James Bowman: What does it say about us that Halberstam was given hero status?





[James Bowman was born in Kane, Pennsylvania in 1948 and grew up in Jupiter, Florida. He attended Davidson and Lebanon Valley colleges in America and Pembroke College, Cambridge University in England, from which he holds an M.A. Mr. Bowman taught school (English and General Studies) at Westminster School and Portsmouth Grammar School in England from 1980 to 1989 and was the American correspondent of The SpectatorI of London from 1989-1991. Since 1991 he has been the American editor of the Times Literary Supplement of London. ]

“For those who remember journalism back in a 1970s heyday they can’t explain to to [sic] the young, [David] Halberstam’s death was not just the death of a hero, it was like the death of the great Hollywood stars—Katharine Hepburn, Clark Gable.” So wrote Henry Allen in The Washington Post shortly after the car crash which brought about the melancholy event to which he refers. He reminds us of what a paltry thing, in journalism’s little kingdom, is “just” the death of a hero—at least in comparison with the apotheosis of a celebrity. Halberstam, Hepburn, Gable. When did this trinity, rather than Washington, Lincoln, Roosevelt, or Eisenhower, Nimitz, MacArthur, become America’s great and paradigmatic figures before the world? The answer is at about the same time, back in the 1960s, when Halberstam was helping to revolutionize journalism. As Richard Holbrooke put it, “He made it not only possible but even romantic to write that your own side was misleading the public about how the war was going.”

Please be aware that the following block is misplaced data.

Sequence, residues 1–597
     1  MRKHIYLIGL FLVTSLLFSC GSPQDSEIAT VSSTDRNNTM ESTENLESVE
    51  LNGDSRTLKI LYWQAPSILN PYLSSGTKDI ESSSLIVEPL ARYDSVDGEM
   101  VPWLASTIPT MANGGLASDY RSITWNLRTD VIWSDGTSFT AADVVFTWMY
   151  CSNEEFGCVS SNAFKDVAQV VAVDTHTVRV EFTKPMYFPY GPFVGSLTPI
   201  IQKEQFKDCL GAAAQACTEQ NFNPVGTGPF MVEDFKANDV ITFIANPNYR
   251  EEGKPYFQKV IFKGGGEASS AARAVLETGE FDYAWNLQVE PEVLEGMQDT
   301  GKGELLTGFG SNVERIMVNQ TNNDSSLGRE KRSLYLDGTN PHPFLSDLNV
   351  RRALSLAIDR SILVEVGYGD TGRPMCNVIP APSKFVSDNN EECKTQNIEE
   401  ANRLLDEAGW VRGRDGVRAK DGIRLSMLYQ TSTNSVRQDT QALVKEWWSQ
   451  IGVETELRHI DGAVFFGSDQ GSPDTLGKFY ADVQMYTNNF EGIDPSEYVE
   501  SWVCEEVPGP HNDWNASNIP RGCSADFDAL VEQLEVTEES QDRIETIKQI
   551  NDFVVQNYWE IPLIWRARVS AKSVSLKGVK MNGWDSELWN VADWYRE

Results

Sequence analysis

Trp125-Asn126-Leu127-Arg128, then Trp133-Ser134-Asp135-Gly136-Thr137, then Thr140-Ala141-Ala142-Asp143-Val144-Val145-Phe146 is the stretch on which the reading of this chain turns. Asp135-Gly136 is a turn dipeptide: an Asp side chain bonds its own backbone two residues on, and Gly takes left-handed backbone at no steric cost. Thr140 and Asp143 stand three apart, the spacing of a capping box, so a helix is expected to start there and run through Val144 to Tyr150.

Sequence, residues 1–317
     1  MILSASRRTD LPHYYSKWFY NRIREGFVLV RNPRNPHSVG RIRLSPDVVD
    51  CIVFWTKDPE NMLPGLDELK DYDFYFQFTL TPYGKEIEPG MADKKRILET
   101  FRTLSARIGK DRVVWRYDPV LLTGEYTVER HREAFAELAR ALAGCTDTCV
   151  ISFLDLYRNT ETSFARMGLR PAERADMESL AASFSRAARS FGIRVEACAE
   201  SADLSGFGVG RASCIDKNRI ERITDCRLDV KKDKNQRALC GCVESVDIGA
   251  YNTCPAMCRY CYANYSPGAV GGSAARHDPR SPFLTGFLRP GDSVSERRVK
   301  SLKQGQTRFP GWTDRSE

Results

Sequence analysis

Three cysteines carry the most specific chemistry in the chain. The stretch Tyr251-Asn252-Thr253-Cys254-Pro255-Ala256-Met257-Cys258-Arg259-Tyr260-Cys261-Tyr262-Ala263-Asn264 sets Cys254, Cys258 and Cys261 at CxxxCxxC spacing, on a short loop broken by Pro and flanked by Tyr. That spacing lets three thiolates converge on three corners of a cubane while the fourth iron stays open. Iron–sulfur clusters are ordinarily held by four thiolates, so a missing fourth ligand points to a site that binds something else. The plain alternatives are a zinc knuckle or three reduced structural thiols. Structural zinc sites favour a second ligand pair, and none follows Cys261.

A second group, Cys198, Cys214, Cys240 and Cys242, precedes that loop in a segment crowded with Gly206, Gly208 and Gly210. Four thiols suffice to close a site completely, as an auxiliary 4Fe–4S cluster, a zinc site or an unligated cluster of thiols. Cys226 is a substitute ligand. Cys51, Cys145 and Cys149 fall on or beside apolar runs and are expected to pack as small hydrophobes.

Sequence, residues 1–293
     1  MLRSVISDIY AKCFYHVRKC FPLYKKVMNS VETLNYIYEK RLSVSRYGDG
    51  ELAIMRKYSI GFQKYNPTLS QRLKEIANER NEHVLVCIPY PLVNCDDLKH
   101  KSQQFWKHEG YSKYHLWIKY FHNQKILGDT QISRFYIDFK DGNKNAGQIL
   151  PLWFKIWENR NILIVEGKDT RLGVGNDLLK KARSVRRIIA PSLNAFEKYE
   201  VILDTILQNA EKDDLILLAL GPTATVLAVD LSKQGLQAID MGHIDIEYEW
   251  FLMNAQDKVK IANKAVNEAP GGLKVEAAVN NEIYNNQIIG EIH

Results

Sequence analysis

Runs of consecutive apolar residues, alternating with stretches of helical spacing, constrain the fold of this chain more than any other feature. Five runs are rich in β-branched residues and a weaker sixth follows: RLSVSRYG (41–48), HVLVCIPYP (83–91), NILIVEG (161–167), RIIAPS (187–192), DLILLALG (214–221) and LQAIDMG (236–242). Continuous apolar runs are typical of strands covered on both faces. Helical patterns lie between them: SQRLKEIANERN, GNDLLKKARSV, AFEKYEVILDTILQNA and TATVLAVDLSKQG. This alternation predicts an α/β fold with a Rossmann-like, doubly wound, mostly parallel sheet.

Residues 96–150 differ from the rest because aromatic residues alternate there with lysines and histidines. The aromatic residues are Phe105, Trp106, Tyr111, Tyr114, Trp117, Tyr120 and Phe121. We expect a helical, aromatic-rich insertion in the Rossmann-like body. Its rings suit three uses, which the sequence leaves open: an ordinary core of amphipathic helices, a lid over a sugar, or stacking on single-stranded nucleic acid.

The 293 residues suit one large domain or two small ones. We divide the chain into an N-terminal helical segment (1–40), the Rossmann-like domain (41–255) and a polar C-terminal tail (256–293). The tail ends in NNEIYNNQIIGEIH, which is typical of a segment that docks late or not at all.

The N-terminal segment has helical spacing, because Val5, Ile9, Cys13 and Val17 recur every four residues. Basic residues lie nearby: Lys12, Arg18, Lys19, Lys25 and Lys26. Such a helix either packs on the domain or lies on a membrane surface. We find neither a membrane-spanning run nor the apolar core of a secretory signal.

It would be hard to overstate the many implications and ramifications of that revealing remark, quoted by George Packer in The New Yorker, by someone who is spoken of as a potential secretary of state in a future Democratic administration. To start with: if it’s now romantic to expose the falsehoods and hypocrisies of your own side, in what sense is that side any longer your own? Of course, journalistic piety would have it that the reporter doesn’t take sides but is just, in Mr. Packer’s words, a “fearless truth-teller.” Yet in practice we know as well as Richard Holbrooke does that side matters. There are truths and there are truths. No one supposes that Halberstam could have become the equal of Hepburn and Gable by reporting on the misleading statements of the Viet Cong or North Vietnamese—always supposing he could have found any. It was because he was attacking, exposing, shaming what at the time would have been regarded, by the media culture as by everyone else, as his own side that he became famous....




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